Aligning with our values, we decided to partner with Embrace Race to help amplify their message and do our part to educate ourselves to be better advocates. In an interview with CNN, Embrace Race’s founders Melissa Giraud and Andrew Grant-Thomas discuss how “racial bias and inequity is systemic and not simply about interpersonal interaction; we also create the systems. If you want to create better systems, you need to nurture better agents.” Racism isn’t something you’re born with; it’s something you learn from those around you consciously and unconsciously, intentionally and unintentionally.
As part of our commitment to Embrace Race and the Black Lives Matter movement, Noetic has chosen to support its pursuit of “ensuring our next generation is brave, informed, and thoughtful about Race.” By becoming active volunteers and further educating ourselves around this vital work, we hope to further the dialog and progress both at Noetic and on behalf of our trusted partners.
Whether it’s reading a book, attending a webinar, listening to and learning from someone’s experiences, donating, volunteering, or opening a dialogue with our colleagues, friends, and families, we can each make an impact. We, at Noetic, look forward to continuing to learn more about this important cause as we work together to Topple Over too many years of injustice, inequity and, bias.
Noetic’s Marketing Leader Q&A Series highlights Tina Bagapor-O’Harrow, ZIPS Dry Cleaner’s Franchise organization VP of Marketing. ZIPS is a dry-cleaning company with an owner-operator model. Tina works with its valued franchisees, advertising agencies, and in-house team to ensure marketing and advertising efforts are most effective. As ZIPS has faced a sharp decline in customers’ ability to engage with them, Tina shares her insights on how they have adapted in this unusual climate.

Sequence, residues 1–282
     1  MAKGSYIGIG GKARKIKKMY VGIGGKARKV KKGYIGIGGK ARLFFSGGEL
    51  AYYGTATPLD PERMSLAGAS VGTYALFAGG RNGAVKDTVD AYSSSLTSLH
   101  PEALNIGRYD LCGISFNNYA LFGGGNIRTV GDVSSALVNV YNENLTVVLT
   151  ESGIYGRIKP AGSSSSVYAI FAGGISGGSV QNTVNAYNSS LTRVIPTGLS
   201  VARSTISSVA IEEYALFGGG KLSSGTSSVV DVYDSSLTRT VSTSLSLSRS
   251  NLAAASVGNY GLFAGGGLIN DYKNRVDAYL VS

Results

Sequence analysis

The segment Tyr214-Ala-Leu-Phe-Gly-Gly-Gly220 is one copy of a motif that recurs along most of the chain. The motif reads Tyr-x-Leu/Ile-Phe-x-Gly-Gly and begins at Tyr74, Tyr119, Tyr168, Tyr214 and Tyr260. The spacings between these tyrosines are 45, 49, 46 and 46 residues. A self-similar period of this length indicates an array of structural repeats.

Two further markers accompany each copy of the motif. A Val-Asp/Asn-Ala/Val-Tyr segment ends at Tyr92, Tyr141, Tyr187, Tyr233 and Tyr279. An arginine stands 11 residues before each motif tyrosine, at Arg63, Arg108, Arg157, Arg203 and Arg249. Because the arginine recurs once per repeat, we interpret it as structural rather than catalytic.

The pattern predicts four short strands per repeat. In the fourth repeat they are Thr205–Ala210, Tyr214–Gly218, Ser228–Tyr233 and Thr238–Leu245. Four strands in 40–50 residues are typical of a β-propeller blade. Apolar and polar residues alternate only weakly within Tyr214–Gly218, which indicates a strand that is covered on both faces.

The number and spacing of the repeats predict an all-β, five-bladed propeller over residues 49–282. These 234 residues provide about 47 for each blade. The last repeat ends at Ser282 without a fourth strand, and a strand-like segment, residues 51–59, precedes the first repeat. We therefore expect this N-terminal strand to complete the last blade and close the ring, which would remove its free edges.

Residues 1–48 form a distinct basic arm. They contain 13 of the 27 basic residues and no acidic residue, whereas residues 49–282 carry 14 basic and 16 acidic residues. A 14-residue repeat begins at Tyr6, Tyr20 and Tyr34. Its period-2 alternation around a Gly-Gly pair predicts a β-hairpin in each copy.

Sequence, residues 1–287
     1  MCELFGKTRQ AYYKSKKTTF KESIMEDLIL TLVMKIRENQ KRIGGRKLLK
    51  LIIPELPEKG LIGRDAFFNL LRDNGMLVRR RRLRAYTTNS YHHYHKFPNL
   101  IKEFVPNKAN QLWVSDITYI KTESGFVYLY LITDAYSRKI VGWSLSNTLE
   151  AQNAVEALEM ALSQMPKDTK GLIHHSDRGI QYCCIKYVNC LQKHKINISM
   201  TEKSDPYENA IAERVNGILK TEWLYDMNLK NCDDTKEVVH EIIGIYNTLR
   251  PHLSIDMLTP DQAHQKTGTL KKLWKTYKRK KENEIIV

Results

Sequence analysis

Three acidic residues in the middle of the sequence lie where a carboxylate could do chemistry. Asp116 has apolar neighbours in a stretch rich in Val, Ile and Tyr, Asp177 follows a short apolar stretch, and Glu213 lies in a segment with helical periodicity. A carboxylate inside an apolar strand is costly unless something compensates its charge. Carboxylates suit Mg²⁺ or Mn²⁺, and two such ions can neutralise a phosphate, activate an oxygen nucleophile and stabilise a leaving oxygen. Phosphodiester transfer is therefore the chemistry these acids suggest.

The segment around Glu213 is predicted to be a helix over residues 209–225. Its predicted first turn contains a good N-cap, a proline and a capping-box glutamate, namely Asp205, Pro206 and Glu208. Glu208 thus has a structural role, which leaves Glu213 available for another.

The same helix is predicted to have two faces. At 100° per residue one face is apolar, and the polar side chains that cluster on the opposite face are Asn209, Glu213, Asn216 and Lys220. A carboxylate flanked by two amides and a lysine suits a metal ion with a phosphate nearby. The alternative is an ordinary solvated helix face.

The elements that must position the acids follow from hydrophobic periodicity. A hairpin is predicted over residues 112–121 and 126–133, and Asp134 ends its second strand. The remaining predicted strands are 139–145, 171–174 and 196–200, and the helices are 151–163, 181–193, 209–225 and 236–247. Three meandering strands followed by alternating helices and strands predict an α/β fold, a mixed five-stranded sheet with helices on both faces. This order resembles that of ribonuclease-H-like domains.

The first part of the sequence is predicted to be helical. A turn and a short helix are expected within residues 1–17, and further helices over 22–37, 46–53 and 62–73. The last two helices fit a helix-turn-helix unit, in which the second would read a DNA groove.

Respond, recover, then re-emerge. With business whose low point represented an 80% decline, ZIPS set a three-phase effort to adapt: response, recovery, re-emergence. ZIPS is not a business that could convert to a completely online model given the inherent physicality of the service they provide. Given the dip in customer traffic and sales that started in spring 2020, ZIPS first needed to downsize staff and eliminate other variable and fixed costs to help its owner-operators manage in a dynamic new economy.
Recovery means testing and learning efforts in safety. ZIPS tested various approaches to see what customer directed approaches resonated the best. Curbside drop off, delivery, and easy drop options gave customers more low-touch solutions. Contracting with state and regional businesses in need of cleaning including fire and rescue and law enforcement presented additional opportunities. They taught ZIPS operators how to look for and pursue B-2-B opportunities.
New campaigns provided focus and relevant reasons to clean. The “Commitment to Clean” campaign helped customers understand ZIPS was taking health guidance seriously in-store and that dry cleaning kills 99% of viruses and bacteria on garments. ZIPS also promoted cleaning household items such as comforters and pillows to increase the level of safety in customer homes.
Ramping up digital and enhancing customer experience. While ZIPS could not convert completely to online, digital efforts were employed as a way to open accounts, make store selection, and text to plan ahead for drop-offs and pickups.
Innovate to re-emerge. ZIPS has launched Laundry by ZIPS, a new system-wide wash and fold service. This effort coincides with back to school, where families are encouraged to take back their time. Creative focuses on new home working and schooling and more casual scenarios. With constrained marketing dollars, ZIPS stood-up an in-house agency, backed primarily by PPP, to create new sub-brands and build and deploy new campaigns.
Have a roadmap and adjust as you need. Being resilient and innovative is like riding a wave: stay in the tube, sense the changes, stay calm and focused, and make adjustments as needed. It will feel chaotic and may change quickly. Try to harness the adrenalin and navigate the ride! At the time of publication, ZIPS has been able to regain more lost ground. Still 35% off of last year’s number, they are hopeful that moving with alacrity and being open to change has helped navigate this unprecedented business interruption.